Janet: …’those people, you know who you are’. Right? Exactly. it’s going to be a whole thing. Oh my goodness.

Pinar: …is this going to bloopers. Like we should have an entire, like, bloopers show just like this.

Janet: I’ve always wanted a blooper reel.

Pinar: I would love that. I don’t take ourselves that seriously clearly. So I definitely encourage for the promotion of this episode…

Janet: Oh my goodness. That was brilliant. So, but anyways. (Pinar: Yeah). Pinar, thank you so much. I love the fact that I have an opportunity and a platform to talk to people like yourself and forward thinkers and people who have really, some really great, great ideas and are trying to change the course of how we design.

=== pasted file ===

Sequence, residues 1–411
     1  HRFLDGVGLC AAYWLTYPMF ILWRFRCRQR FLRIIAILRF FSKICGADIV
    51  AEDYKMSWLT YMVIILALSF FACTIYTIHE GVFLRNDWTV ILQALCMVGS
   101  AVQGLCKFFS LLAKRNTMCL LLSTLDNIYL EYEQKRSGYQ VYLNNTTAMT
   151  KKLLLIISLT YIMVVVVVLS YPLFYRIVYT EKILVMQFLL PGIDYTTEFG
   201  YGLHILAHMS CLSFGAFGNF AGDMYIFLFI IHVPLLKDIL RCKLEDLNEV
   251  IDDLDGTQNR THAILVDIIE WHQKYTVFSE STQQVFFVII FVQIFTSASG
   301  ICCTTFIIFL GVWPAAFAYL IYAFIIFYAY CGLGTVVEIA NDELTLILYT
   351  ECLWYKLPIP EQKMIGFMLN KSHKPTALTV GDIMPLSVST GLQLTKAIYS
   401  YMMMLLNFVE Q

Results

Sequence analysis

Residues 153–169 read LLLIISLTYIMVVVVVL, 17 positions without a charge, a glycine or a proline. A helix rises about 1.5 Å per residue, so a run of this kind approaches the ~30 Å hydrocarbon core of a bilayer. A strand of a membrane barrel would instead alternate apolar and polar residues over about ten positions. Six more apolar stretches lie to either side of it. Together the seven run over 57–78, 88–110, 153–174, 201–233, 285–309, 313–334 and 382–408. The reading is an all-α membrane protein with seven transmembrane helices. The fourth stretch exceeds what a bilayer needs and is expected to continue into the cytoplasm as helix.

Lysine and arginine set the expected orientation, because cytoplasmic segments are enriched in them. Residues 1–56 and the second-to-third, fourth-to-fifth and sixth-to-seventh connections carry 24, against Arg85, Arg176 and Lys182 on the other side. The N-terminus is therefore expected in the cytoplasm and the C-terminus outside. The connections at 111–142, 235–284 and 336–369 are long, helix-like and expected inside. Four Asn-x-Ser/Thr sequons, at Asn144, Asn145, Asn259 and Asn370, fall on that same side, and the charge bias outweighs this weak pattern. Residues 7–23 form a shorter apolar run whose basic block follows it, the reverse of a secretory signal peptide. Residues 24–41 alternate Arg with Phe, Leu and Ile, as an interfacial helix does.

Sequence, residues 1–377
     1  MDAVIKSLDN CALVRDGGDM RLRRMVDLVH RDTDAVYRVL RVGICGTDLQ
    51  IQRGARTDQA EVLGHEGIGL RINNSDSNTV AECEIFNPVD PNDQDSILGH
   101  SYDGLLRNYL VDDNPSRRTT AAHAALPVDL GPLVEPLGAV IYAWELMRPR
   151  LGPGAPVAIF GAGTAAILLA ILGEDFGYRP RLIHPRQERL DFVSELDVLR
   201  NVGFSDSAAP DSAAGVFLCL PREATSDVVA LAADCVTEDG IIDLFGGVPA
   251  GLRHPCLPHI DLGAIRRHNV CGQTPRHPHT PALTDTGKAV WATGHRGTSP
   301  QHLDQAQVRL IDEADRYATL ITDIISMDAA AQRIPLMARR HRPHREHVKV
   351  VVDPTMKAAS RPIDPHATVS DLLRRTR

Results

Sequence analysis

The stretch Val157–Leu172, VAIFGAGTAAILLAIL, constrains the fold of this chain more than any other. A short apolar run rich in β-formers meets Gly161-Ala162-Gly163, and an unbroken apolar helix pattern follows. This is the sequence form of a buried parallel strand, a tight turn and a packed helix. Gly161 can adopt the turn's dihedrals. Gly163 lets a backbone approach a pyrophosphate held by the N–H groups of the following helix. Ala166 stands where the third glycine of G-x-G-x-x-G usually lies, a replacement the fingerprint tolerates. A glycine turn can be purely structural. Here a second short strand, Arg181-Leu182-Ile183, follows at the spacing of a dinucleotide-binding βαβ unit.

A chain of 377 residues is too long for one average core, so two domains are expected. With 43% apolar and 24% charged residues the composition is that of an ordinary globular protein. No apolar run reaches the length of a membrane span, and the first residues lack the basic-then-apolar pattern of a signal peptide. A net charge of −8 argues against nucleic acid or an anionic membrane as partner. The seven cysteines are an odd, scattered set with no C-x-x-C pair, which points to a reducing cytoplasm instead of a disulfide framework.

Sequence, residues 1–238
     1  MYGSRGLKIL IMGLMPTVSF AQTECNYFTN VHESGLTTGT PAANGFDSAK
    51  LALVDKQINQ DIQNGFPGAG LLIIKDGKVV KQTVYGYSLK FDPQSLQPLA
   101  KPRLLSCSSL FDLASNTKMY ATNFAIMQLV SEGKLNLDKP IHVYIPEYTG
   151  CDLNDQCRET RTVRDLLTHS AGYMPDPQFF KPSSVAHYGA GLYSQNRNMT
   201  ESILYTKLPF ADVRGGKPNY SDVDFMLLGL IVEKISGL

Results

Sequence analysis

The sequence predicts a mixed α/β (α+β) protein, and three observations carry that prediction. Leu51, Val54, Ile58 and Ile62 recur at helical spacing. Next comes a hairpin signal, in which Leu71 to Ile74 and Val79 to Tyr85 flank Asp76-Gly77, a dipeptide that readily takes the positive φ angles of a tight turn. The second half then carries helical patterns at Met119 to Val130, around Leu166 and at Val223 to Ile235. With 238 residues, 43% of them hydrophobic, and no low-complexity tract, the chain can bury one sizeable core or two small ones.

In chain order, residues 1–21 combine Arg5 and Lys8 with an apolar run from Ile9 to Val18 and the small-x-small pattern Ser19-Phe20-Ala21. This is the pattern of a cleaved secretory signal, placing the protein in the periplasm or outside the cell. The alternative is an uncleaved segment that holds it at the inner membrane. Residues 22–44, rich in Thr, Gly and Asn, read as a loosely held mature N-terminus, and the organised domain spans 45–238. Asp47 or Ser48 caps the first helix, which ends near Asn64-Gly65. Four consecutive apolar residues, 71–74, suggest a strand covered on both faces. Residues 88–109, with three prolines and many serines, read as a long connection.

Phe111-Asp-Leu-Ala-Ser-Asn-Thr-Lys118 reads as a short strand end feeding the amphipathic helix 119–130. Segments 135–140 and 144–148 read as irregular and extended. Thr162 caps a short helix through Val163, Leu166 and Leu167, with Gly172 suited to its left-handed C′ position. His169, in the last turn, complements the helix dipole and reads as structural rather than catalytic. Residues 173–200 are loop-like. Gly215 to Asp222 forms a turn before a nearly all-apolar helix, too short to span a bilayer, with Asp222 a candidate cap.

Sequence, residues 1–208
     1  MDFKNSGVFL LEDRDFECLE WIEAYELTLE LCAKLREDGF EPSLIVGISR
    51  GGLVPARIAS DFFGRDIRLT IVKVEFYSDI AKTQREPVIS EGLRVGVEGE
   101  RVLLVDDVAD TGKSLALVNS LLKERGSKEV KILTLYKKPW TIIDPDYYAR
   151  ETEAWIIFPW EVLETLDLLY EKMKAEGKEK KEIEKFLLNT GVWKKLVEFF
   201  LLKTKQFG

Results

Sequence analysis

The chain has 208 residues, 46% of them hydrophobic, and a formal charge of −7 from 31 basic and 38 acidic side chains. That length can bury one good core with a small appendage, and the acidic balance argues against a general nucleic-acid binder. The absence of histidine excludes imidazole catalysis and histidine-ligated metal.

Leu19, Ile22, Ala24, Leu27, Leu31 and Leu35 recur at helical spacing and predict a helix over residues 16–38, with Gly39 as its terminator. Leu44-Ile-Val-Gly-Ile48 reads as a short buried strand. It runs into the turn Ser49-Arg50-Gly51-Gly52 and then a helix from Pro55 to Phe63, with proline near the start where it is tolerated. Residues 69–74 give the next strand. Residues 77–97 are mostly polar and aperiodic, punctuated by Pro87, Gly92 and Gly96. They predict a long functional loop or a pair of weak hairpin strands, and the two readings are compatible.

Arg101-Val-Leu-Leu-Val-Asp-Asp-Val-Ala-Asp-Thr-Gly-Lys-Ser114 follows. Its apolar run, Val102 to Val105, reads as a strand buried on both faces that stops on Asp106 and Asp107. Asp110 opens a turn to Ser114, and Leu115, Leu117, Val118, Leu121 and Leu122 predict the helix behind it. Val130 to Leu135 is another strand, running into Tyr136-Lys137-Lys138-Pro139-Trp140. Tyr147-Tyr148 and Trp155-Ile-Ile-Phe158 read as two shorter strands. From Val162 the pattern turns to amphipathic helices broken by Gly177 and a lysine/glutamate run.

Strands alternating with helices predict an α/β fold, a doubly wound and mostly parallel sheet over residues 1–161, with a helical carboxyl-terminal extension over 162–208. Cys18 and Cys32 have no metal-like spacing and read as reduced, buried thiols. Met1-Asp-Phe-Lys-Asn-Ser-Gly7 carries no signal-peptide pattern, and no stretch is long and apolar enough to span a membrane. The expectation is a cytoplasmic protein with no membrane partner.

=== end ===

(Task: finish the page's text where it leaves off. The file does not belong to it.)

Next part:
And so I just, I, again, I could just talk to you all day. Please, please, please think about coming back. Maybe we’ll do a Pinar two. (Pinar: Aww… laughs), Like, you know, we’ll do one of those. (Pinar: Ongoing talk shows), and I, and I’ll keep practicing my active listening in the meanwhile.

Pinar: Oh, well thank you so much, Janet. You were an incredible listener, and conversationalist, and it just felt like an organic conversation and not like a script interview, which I don’t do well in those anyway. I feel like I, (laughs) if it’s like very, you know, too rigid.

Janet: Well, you know, how many times did I have to figure out, it’s framework. You’re like, it’s just framework. Say framework. Use the word framework, right. So yes. There is that too. Right? Exactly.

Pinar: Oh, yeah, totally understand. It was such a treat as always. I feel like anytime we all connect, it’s just like this.

Janet: Pinar, before I let you go, is there anything that you want to add?

Pinar: Yeah. So I encourage everyone to just like reflect on your practice today, and if you have doubts or questions, just reach out to the people you think might have an answer there. Be very open to collaboration… and be sour.